Instrumental music education in U.S. public schools developed gradually in the Northeast and Midwest around 1896. Over the next thirty years, the instrumental movement gained strength through the organization provided by the development of the Music Supervisors National Conference and through the advocacy efforts of music education innovators such as Will Earhart and Joseph Maddy. By the end of the 1920s, instrumental courses were being accepted into public school curricula; (1) however, as with any new development, concerns arose. School administrators supported the new wave of musical innovations in the curricula, but they struggled to provide the economic and logistical means to sustain such programs. (2) Likewise, new programs required new instructional materials. Teachers needed appropriate pedagogical resources to help them structure their programs more effectively. As a result, an abundance of pedagogical innovations were initiated. (3)
One such innovator was Dr. Harvey Samuel Whistler Jr. As a violinist, pedagogue, and researcher, Whistler influenced the advancement of instrumental music education on many scholarly fronts, leaving a legacy of methods, collections, compositions, arrangements and other documents for band and string orchestra. Despite his sizeable output, little is known about his life and work aside from folklore and single-column biographies, many of which conflict or contain errors. (4)
This study has a threefold aim: (1) to write a detailed and accurate biography of Whistler that clarifies inconsistencies found in tertiary sources; (2) to discuss and assess the impact that Whistler's pedagogical contributions had on music education; and (3) to evaluate the impact that Whistler's research had on music education.
Most of the primary biographical data regarding Whistler's personal life were procured from Whistler's personal records and the oral recollections of Mrs. Georgeanna Kathryn Beaver Whistler, his wife and widow. The personal records I reviewed consisted of letter correspondence, authored articles, books and drafts, photographs, documents related to professional obligations, financial documents, and other personal memorabilia. The oral recollections of Mrs. Whistler consisted of three interviews. Each one lasted approximately one hour and consisted of a broad, rather than specific, array of questions.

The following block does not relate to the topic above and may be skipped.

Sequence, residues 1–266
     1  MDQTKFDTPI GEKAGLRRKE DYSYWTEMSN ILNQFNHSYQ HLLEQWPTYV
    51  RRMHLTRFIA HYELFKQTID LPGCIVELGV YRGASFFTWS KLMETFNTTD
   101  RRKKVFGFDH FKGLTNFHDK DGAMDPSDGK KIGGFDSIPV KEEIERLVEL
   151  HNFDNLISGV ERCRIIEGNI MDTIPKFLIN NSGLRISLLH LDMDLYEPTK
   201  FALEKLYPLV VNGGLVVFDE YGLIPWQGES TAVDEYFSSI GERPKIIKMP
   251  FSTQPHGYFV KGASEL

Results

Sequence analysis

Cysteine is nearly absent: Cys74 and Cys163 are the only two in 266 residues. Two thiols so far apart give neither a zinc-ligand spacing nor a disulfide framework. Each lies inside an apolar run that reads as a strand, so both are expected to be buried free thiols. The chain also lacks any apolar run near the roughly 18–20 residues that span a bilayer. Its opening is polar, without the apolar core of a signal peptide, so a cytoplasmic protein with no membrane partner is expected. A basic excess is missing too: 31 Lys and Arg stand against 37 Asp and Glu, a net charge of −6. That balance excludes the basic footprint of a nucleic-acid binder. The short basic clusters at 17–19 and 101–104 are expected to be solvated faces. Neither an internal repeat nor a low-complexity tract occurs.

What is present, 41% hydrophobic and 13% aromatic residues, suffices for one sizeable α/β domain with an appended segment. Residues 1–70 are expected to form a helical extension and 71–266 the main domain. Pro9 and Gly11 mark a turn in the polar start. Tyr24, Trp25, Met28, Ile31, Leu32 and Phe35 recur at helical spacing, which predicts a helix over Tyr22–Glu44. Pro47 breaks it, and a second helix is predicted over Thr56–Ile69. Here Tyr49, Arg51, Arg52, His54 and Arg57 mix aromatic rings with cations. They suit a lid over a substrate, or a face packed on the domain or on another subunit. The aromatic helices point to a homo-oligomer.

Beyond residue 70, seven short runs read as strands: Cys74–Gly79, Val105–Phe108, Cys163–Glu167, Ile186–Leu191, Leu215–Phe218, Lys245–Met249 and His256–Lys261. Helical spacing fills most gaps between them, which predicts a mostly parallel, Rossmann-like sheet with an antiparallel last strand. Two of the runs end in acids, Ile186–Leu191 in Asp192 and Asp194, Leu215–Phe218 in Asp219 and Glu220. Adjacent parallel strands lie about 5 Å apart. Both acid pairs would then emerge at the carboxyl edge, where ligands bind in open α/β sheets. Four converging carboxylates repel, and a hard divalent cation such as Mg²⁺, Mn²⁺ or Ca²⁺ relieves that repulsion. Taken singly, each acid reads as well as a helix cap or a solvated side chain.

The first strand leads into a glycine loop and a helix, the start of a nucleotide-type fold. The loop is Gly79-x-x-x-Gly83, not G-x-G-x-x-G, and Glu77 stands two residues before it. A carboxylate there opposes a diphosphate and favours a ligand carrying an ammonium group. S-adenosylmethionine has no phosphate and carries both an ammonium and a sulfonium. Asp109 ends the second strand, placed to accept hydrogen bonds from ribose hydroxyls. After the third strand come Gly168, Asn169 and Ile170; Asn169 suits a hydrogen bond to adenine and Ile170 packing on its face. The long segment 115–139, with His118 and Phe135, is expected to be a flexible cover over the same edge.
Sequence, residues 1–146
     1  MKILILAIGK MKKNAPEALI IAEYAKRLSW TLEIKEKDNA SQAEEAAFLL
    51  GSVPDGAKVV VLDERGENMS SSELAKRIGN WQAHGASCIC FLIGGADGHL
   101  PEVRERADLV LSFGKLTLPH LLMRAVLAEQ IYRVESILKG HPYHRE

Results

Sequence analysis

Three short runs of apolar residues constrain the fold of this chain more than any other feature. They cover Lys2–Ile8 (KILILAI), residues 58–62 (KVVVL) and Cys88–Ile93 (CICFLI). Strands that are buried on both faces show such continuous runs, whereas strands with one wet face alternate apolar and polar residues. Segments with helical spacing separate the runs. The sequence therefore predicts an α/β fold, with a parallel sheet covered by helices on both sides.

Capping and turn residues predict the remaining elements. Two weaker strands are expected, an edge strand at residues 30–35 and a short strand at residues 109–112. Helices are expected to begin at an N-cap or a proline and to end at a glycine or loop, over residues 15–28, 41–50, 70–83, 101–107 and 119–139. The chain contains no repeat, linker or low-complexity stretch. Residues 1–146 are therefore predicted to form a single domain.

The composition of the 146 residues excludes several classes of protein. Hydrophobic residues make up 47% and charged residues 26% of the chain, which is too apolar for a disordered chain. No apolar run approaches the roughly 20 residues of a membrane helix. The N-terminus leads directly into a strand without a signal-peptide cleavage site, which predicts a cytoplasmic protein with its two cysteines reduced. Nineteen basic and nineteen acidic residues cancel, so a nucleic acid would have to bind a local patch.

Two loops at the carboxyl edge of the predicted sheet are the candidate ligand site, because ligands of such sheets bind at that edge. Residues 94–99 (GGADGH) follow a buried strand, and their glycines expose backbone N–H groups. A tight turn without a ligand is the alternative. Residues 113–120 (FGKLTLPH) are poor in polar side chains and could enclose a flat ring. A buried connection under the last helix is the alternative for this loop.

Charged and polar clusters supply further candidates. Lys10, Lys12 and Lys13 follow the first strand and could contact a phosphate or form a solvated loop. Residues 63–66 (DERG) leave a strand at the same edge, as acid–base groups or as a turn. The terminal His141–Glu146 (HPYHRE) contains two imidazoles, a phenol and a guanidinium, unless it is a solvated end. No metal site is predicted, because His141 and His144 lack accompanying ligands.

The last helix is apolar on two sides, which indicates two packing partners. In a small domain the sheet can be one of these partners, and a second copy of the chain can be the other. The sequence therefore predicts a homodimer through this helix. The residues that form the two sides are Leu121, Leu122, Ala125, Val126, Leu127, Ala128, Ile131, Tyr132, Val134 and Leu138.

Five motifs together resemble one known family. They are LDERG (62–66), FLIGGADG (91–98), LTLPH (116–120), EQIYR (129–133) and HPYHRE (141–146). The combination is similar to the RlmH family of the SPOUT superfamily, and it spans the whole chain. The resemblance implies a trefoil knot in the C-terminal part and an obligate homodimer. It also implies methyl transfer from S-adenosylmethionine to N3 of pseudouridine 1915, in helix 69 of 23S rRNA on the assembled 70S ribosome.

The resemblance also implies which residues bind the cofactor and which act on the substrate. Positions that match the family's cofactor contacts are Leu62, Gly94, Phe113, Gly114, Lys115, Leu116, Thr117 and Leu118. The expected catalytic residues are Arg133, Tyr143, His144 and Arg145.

Other data were gathered from primary source newspaper articles, Selma-Union High School annuals, a Charles W. Eliot Junior High School newsletter, and articles from the Music Educators Journal and Music Educators National Conference yearbooks. Whistler's authored texts, articles, master's thesis, doctoral candidacy exams, and dissertation were also reviewed.
Data were compared from interviews and Whistler's autobiographical documents with other personal records and the primary source documents described above to determine their veracity. Noteworthy discrepancies appear in the footnotes. Data were compiled thematically and then chronologically into historical narrative.
Early Life and Formal Education
Harvey Samuel Whistler Jr. was born on September 7, 1907, in Fresno, California. His earliest musical training consisted of piano lessons with his mother and trips to local symphony concerts with his father. By age seven, Whistler's parents enrolled him in violin and piano lessons. (5) He eventually abandoned his piano studies and began performing extensively on both violin and viola. The evidence regarding when and with whom Whistler studied violin conflicts. According to some sources, Whistler originally studied with professor George Hastings (1916-19), Will C. Hays of the San Francisco Symphony and director of the Fresno High School Orchestra (1919-24), Kornelis Bering of the San Francisco Symphony (1923-24), Carl Grissen of Oakland (1927), Josef Pirastro-Borissoff--a student of Pablo de Sarasate and Leopold Auer--in Los Angeles (1930-c. …